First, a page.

James Hansen heads the NASA Goddard Institute for Space Studies. If you have a question about radiative transfer in planetary atmospheres, he’s your go-to guy. But if you have a question about economics—say, about the merits of cap-and-trade programs—you might want to consult a different sort of specialist. Hansen’s recent New York Times piece provides ample confirmation of that.
The column oozes nonsense throughout, but it will be instructive to hone in on one exceptionally silly paragraph. Here is Hansen trying to explain why cap-and-trade is inferior to a carbon tax:
Consider the perverse effect cap and trade has on altruistic actions. Say you decide to buy a small, high-efficiency car. That reduces your emissions, but not your country’s. Instead, it allows somebody else to buy a bigger S.U.V.—because the total emissions are set by the cap.
First, this is true. But second, it has nothing to do with cap-and-trade. The same observation applies to a carbon tax. Carbon taxes work by driving up the price of gasoline and other pollutants so people will use less of them. Consider the perverse effect that has on altruistic actions. Say you decide to buy a small, high-efficiency car. You buy less gasoline, driving down its price, and encouraging someone else somewhere to buy a bigger S.U.V.
True, you have only a tiny tiny effect on the price of gas. But how big an effect do you need to trigger one more S.U.V. sale in a country of 300 million people?
Here, now, is the whole point: We don’t have to guess at the answer to that. A little bit of economics reveals that to an excellent first approximation, the carbon tax and the cap-and-trade program must have identical effects.
Here’s why: If we reduce our gasoline consumption by, say, 30%, then the price of gasoline must rise by just enough so that consumers are willing to cut their purchases by exactly 30%. If the price rises any less than that, consumers will want more gas than they can get, and they’ll bid the price up further. So the price consumers pay for gasoline is completely determined by the fall in consumption—and it doesn’t matter what triggers that fall. Cut gas consumption 30% via cap-and-trade and the price of gas will rise. Cut gas consumption 30% via a gas tax and the post-tax price of gas will rise by exactly the same amount. This one observation forces the programs to be equivalent in almost every relevant way.
Mr. Hansen prefers the carbon tax, because the revenue can be distributed to the public. (He calls this a fee-and-dividend system.) But by the same token, with cap-and-trade, the revenue from selling permits can be distributed to the public. And it’s not hard to prove (using arguments similar to the preceding paragraph) that the revenue from selling permits must exactly equal the revenue from raising taxes. So again the programs are entirely equivalent.
Mr. Hansen worries that with cap-and-trade, energy producers will demand free permits—essentially claiming the permit revenue for themselves. But energy producers that powerful could just as easily lay claim to tax revenue as to permit revenue. So again, the choice of policy makes no difference. He worries that politically powerful producers can get themselves grandfathered out of cap-and-trade. Yes, just as easily as they can get themselves grandfathered out of a carbon tax.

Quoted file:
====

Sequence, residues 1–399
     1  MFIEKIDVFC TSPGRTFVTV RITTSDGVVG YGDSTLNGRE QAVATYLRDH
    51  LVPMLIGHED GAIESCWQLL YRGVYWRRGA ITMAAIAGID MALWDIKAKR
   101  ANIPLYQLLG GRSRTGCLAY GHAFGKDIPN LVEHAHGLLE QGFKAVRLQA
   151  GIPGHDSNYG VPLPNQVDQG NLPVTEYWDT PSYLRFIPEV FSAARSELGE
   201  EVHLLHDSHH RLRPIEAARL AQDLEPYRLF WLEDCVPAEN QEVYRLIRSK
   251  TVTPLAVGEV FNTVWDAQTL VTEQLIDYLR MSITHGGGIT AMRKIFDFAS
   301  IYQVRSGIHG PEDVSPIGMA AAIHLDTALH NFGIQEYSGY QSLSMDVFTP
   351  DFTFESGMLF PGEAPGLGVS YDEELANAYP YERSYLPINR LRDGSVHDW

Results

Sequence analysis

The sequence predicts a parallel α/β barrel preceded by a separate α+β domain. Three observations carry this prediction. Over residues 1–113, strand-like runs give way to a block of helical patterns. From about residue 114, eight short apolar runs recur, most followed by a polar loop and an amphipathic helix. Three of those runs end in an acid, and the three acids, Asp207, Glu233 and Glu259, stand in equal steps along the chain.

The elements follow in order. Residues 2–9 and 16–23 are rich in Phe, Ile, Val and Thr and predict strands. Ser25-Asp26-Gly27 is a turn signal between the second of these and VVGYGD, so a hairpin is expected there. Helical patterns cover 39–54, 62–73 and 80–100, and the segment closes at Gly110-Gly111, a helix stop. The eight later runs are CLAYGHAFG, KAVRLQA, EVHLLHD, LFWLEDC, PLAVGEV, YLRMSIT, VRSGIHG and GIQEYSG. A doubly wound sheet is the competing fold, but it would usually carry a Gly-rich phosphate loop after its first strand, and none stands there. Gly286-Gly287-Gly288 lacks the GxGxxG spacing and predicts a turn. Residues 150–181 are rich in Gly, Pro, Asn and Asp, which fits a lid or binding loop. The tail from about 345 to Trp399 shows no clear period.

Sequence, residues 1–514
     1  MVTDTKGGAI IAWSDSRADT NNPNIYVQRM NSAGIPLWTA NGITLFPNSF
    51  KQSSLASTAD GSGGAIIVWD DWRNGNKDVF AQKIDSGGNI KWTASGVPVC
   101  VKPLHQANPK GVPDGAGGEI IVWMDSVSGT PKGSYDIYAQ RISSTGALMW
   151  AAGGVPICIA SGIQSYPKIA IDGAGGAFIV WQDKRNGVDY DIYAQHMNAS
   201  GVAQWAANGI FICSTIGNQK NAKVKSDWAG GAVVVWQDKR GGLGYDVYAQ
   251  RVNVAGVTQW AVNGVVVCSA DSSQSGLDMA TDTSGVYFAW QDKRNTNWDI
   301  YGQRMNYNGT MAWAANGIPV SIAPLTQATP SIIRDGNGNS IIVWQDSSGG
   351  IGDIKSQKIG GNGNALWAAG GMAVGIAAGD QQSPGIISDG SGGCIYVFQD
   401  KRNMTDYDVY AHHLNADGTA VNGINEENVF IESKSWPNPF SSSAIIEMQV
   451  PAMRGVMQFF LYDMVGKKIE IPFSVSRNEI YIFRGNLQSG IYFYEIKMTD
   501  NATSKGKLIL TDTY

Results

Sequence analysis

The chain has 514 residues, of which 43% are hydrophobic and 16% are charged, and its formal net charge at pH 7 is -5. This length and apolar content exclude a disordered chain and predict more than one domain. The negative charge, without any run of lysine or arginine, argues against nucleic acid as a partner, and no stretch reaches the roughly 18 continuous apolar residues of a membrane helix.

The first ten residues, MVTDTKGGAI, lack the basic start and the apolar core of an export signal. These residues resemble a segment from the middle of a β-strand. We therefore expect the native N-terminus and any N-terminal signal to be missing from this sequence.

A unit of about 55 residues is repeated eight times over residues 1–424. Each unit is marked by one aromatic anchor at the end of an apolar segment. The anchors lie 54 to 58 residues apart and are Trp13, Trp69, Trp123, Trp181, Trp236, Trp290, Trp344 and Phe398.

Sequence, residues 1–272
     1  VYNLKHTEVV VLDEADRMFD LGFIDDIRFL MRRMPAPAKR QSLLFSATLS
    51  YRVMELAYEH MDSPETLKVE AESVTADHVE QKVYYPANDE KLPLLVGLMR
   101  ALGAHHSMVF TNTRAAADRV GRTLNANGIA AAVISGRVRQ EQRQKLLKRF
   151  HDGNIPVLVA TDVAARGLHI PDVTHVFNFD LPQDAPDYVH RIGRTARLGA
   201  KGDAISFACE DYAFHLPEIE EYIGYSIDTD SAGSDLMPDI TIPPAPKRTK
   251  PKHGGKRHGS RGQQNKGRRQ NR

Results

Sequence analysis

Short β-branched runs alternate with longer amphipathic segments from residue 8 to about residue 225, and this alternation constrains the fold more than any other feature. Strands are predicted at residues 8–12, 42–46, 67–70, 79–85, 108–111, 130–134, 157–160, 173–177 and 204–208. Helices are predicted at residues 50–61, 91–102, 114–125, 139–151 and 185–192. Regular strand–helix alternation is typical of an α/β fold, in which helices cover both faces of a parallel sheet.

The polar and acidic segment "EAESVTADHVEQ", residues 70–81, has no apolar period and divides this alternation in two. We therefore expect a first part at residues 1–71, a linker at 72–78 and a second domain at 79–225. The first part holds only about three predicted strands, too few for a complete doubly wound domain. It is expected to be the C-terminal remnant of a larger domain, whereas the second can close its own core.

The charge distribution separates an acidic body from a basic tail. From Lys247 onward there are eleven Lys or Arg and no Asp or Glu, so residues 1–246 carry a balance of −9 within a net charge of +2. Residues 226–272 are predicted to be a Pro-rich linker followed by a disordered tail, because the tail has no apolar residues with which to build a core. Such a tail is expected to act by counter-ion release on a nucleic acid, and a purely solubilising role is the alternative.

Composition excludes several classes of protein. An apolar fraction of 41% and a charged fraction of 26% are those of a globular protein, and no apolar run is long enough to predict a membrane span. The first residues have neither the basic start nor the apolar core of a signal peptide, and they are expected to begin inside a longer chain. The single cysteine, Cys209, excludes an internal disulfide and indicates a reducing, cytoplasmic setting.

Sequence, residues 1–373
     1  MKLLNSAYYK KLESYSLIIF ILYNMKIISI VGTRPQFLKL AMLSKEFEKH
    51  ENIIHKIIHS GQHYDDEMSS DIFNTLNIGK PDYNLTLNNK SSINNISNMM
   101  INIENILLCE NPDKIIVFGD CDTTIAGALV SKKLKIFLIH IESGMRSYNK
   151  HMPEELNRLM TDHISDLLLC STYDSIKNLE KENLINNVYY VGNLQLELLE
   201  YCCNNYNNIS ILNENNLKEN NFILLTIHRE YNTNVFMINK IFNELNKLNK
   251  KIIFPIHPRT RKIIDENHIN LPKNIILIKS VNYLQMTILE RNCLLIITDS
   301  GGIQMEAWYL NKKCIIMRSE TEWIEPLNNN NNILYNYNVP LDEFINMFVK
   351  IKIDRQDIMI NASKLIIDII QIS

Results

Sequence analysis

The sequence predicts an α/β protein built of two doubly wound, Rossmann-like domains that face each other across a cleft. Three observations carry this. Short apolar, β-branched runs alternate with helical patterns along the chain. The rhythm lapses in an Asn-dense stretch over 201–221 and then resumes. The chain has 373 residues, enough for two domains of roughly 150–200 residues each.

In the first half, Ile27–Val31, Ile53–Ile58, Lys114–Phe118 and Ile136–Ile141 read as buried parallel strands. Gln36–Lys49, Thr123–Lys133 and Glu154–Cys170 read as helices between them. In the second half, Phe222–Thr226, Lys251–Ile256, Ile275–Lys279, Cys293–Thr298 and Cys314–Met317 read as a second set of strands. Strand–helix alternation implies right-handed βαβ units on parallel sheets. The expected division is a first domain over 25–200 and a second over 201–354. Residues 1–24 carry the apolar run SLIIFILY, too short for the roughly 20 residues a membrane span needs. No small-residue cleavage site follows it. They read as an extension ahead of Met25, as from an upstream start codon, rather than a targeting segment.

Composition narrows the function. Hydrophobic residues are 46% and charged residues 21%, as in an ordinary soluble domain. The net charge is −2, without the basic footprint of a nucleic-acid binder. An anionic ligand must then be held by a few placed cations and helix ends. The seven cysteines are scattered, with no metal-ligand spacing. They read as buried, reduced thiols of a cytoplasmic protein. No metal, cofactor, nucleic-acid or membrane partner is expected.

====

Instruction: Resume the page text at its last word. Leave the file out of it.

If you want to believe there’s a meaningful difference between a carbon tax and cap-and-trade, you’ve got to look elsewhere than the effects on pollution, incentives, consumer prices, profits, or government revenue. In other words, you’ve got to look at decidely secondary effects. Here’s a menu of choices:
- A carbon tax can be too small (allowing too much pollution) or too big (retarding too much economic activity). Similarly, a cap-and-trade program can be too small or too big. For somewhat technical reasons, I believe that it’s easier to calculate the “just right” carbon tax than to calculate the “just right” number of cap-and-trade permits. If I’m right, this is an argument for a carbon tax.
- A carbon tax is pay-as-you-go for producers. Cap-and-trade permits, depending on how the system is designed, can be a big upfront expense. This handicaps small companies with limited cash reserves and limited borrowing opportunities. This is an argument for a carbon tax.
- If you favor either of these programs in the first place, you presumably want it to last awhile. Cap-and-trade is politically self-perpetuating, because companies in possession of valuable permits will lobby to maintain the program that gives those permits their value. The carbon tax, by contrast, will come under constant assault from anti-tax lobbyists and therefore might be more difficult to maintain. This is an argument for cap-and-trade.
Me, I lean toward a carbon tax, just like James Hansen. But the differences are largely inconsequential, and almost entirely divorced from what Mr. Hansen thinks they are.